Speaker of the house

It was the late 1970s and somehow a guy with a goofy grin and a “Dennis The Menace” haircut had managed to become, at age 31, the youngest person ever elected leader of a major American city.

I met then-Cleveland Mayor Dennis Kucinich when he was in the Sacramento area as part of a whistle-stop tour of California. A UC Davis student at the time, I recall sitting next to him in the backseat of a car en route to a local speaking engagement, wondering how someone so young could possibly have become so powerful.

Once I heard his speech, though, my wonder vanished. Kucinich was brilliant. First he described his lessons from youth as the eldest of seven children from a poor family. Then he outlined his progressive vision for the country with the brains of a Tom Hayden and the populist appeal of a Jim Hightower. His working-class moxy and radical politics, however, lost him the mayorship after just one term. But in 1994 Kucinich climbed back into political office on the strength of his campaign to expand Cleveland’s electric utility so as to provide low-cost power to half the residents of the city. He won election to the Ohio Senate and now serves as a congressman from that state.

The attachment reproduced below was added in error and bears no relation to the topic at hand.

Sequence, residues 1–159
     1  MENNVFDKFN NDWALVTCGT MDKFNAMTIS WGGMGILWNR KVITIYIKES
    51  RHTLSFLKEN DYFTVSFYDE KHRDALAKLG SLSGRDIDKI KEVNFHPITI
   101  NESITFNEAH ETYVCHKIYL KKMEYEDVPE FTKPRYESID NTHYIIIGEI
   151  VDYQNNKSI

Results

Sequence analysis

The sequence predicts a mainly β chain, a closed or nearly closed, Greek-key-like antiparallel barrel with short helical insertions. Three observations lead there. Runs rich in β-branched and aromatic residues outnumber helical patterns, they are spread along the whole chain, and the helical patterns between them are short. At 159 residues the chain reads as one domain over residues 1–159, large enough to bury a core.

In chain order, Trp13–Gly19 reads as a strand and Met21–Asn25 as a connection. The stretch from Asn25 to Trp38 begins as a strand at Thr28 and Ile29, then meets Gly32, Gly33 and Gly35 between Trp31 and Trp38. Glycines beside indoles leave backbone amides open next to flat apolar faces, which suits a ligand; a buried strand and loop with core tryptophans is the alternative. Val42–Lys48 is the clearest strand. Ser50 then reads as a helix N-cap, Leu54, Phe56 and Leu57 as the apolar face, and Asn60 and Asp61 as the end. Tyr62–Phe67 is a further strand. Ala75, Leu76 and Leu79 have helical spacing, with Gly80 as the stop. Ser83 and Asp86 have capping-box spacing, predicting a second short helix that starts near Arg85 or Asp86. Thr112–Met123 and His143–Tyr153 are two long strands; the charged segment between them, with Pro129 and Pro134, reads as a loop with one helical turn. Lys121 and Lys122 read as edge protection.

A couple of weeks ago, Kucinich gave a speech in Los Angeles (see Essay on page 12) that has already been around and back again on the Internet because of its depth of truth, boldness and spirit. Written in the form of a prayer, with the same tell-the-truth-shame-the-devil passion that I remember him summoning back in the late ’70s, Kucinich ultimately challenges the direction the country has been heading in since September 11.

It’s about time somebody did.